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Oral History as the Main Source of Truth: A Panel Discussion When Experiences Become Knowledge Held as Part of the Forum of Oral History of Ukraine in Kyiv


The first panel discussion of the Forum of Oral History of Ukraine, which was held in Kyiv on 10 October at the initiative of the Museum of Civilian Voices of the Rinat Akhmetov Foundation, was devoted to oral history as the main source of truth. The discussion When experiences become knowledge focused on the transformation of documented wartime experiences into knowledge about war, and on how this knowledge later becomes the basis for remembering it.

The speaker Helinada Grinchenko, Doctor of Historical Sciences, head of the Ukrainian Oral History Association, spoke about the challenges that oral history faces today. In her opinion, the most important thing is to observe the research ethics when collecting and using evidence:

“There are three questions that I would advise us to ask ourselves. Why am I doing this and what resources do I have? Who am I and do I have the right to speak on behalf of the narrator in general? Why should my storytellers share their experiences with me?”

Anton Drobovych, specialist in historical memory, head of the Institute of National Memory, singled out four forms of capturing or documenting people’s experiences: oral history as a scientific discipline; journalism and journalistic investigations; justice – gathering evidence in accordance with procedural legislation; and art in a very broad sense:

“Memory is never 100 percent objective. The methods by which we work with memory, selecting evidence, in all these four areas, are aimed at minimizing the subjectivity, randomness, and emotionality of memory.”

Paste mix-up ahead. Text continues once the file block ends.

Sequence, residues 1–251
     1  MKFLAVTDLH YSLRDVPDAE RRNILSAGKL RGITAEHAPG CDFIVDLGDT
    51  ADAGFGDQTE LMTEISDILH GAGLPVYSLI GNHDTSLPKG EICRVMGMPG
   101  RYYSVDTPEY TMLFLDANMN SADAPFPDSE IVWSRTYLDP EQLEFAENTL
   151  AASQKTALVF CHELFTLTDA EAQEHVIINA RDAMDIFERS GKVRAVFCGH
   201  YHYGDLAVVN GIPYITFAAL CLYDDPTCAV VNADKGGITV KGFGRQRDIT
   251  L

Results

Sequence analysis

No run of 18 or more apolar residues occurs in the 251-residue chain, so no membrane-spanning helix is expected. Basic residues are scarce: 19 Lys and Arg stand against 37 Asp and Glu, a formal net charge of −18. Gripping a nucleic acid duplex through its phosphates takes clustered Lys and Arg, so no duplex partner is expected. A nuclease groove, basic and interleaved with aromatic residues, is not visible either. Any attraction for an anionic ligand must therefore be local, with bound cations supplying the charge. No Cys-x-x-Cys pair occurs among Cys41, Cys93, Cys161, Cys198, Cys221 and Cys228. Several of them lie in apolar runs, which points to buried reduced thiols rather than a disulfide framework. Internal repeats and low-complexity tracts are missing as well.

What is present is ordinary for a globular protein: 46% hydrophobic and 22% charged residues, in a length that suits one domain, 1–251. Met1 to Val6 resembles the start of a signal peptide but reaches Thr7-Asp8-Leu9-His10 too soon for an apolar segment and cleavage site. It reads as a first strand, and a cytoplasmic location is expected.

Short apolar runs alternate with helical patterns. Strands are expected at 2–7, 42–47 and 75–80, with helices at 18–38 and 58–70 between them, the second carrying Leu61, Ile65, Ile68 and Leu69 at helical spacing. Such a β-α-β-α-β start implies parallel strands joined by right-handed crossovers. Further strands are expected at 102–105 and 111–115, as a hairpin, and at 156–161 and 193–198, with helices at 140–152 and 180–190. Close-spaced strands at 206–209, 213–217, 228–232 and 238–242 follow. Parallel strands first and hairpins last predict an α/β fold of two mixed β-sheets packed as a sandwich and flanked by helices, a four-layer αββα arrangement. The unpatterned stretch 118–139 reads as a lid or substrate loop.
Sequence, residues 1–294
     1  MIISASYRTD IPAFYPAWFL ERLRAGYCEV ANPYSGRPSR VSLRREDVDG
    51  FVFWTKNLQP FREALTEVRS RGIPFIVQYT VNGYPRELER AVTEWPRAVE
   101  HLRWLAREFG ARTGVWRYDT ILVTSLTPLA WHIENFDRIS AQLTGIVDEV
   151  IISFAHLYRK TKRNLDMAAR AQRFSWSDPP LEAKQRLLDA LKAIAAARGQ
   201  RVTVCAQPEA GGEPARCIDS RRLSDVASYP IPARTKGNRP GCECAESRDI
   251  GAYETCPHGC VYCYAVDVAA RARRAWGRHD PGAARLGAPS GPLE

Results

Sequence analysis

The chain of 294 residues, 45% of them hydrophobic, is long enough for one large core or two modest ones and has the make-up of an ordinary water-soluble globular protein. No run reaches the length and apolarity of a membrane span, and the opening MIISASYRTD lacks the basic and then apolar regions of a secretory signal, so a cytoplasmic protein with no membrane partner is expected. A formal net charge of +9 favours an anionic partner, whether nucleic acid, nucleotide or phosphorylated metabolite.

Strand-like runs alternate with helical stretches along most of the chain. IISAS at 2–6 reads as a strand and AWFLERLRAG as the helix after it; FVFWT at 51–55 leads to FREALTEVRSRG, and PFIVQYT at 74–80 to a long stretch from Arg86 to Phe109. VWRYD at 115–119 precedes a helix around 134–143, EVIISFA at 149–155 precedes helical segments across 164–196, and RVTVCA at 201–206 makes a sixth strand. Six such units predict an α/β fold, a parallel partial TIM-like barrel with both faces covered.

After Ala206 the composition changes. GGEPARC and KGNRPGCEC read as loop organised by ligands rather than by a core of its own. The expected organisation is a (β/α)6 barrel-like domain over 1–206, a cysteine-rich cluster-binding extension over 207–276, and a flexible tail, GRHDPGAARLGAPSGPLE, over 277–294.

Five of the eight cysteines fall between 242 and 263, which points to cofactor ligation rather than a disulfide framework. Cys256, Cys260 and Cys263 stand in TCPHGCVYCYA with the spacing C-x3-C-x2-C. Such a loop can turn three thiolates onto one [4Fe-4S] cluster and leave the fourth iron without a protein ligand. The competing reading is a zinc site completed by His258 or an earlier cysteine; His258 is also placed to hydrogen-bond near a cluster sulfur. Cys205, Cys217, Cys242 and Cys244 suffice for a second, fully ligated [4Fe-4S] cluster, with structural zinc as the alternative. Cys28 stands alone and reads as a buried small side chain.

Olena Dobrzhanska, Candidate of Political Sciences, Associate Professor, Vice-Rector for Scientific and Pedagogical Work at Taras Shevchenko National University of Kyiv, noted that the legitimization of oral history is possible only in a democratic society. She raised a question: what the state narrative will be like after the war? 

“The state always creates the narrative of the winner. What the state narrative of Ukraine will be formed from will also depend on how this war ends for the Russian Federation. Will it take responsibility for the crimes it committed? Then we will come forward with our victory narrative, and Russia will be in shambles with its old narratives.”

Olha Opalenko, head of the evidence department of the Truth Hounds NGO, which collects evidence of war crimes and serious violations of human rights in the context of the war in Ukraine, spoke, among other things, about the importance of the principle of “do no harm” in gathering evidence.

“All our actions are aimed at building a comfortable environment where the witness could begin to overcome his or her trauma. At the end of each interview, we read the text we recorded to the witnesses from the first person. We are sure that this practice allows them to start overcoming their trauma.” 

Agata Tatarenko, head of the Visegrád Group of the Institute of Central Europe in Lublin, emphasized the uniqueness of the situation in Ukraine when testimonies about the war are collected right in the course of the events experienced by a person. She also highlighted the importance of the fact who uses the stories and how they are used.

“In Russia, we can see some perilous examples of personal life stories being used for creating the historical memory. The entire map of documented stories, which are part of oral history built on the collective memory of certain events, depends on how and where these testimonies are going to be used.”

Moderator Nataliya Kryvda, Doctor of Philosophy, cultural researcher, Professor of the Department of Ukrainian Philosophy and Culture at Taras Shevchenko National University of Kyiv, wrapped up the discussion with a quote from historian Ernest Renan:

“In the memory of the community, not only the heroic past, great people, and glory, but also numerous victims, sadness, and regrets are preserved. They consolidate society, strengthen a nation’s positive image of itself, and define visions for the nation’s future.” 

The initiative to hold the Forum belongs to the Rinat Akhmetov Foundation’s Museum of Civilian Voices, which documents testimonies of civilians about the war told from the first person. The Museum has now collected more than 85,000 stories. Follow the news about the event on the Museum’s website: